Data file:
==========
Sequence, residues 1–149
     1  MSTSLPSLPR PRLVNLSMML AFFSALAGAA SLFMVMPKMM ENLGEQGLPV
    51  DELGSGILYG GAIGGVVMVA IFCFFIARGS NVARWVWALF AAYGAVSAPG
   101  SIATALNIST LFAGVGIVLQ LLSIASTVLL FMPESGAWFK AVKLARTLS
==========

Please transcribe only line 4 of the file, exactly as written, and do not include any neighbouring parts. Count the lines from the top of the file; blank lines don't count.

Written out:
   101  SIATALNIST LFAGVGIVLQ LLSIASTVLL FMPESGAWFK AVKLARTLS